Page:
When it comes to applications based on microcontrollers, you can’t just stop at simulating your model and gathering results. You have to implement it practically which is quite fun if you get used to it – a truly satisfying experience when something actually works. While it’s a known fact that hardware implementation is annoying and cumbersome as compared to simulation but it’s totally worth it. After all, we are engineers and getting your hands dirty in practical stuff always pays off. Before this discussion gets philosophical, let’s handle a simple practical task of how to load your code into the microcontroller.
A microcontroller is nothing without the code, that’s obvious. Code is like the soul of any system. Let me remind you (my sincerest apologies to the advanced users) that your microcontroller doesn’t have any code in itself. It’s blank and capable of doing nothing at all. It’s actually the software that makes it intelligent and gives some meaning to its life. You have to transfer your code (logic) to the microcontroller to make it work for you.
We’re familiar with the term installing software on our Windows based system but in 8051 microcontroller, we normally refer to this as burning (or programming) the device – which simply means installing some software on it. Let’s get used to this terminology.
But before heading that way, let’s take a look back and see if you know the basics.
Can you write in C or Assembly Language?
Can you compile your code in Keil uVision and generate HEX file?
Can you debug your code in Keil uVision to remove possible errors?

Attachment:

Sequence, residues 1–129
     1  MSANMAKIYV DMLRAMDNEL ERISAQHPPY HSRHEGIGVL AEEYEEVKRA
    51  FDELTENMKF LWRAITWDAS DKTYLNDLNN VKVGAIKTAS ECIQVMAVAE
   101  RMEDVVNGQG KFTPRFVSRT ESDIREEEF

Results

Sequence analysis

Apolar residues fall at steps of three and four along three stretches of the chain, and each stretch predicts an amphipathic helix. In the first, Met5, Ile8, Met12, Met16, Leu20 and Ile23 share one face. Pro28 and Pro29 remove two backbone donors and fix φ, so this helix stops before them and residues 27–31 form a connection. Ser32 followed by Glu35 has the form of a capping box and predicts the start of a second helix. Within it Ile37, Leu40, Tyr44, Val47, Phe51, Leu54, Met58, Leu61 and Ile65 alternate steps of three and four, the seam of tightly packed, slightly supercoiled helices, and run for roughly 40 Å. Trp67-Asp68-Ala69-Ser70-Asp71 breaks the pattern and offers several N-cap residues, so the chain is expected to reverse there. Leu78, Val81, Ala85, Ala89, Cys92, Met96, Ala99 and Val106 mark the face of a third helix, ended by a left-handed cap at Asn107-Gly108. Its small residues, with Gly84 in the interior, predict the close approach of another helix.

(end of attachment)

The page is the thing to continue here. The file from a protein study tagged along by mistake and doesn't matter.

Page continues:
Can you simulate your code in Proteus for verification?
If you answered yes to all of the above, you’re not a beginner. You just earned yourself the next phase – burn it!
BASIC REQUIREMENTS FOR BURNING
- HEX file generated from your code.
- A burner (also known as programmer).
- And a computer of course.
The burning process is accomplished using a burner. When we program the 8051, the code is permanently stored in its ROM (Read-Only-Memory) and will stay there until erased or re-programmed.
The steps involved pretty much depend on the microcontroller you choose. For example each variant of 8051 microcontroller has a unique pin configuration and feature set. You can’t expect them to have same hardware requirements when it comes to burning code into them. You’ll have to deal with them accordingly.
The type of burner also plays an important role. If you’re using AT89C51 (a popular variant of 8051 microcontroller) then you must select a burner that supports this specific variant. Don’t worry, if you search, you’ll find that they are easily available. A quick search on Google landed me on a programmer offered at eBay and it supports popular variants like 89S51, 89S52, and 89S53. See? A single burner can handle most of them.
HOW TO BURN
You cannot program the 8051 with anything other than the file type known as HEX. You’d recognize them by the file extension “.hex”. They are actually the compiled output of your source files.
So here is the deal.
- Write some code for the 8051.
- Use a compiler to generate HEX file.
- Connect burner to your computer.
- Mount 8051 on the burner.
- Launch corresponding software for the burner.
- Follow instructions.
For example if you’re using EZ-Downloader.
- Wait for it to identify your device.
- Once connected, click SEND.
- Select the HEX file you generated earlier.
The software will take care of the rest. You will see the progress and get notified once it is completed and burning is verified.
It is obvious now that you can program the 8051 only if you have
- A burner.
- A burning software.
- HEX file compiled for your code.
If everything goes right, your HEX file will be successfully transferred to your microcontroller and you’re good to go. It’s time to put this microcontroller to some practical use and test your logic.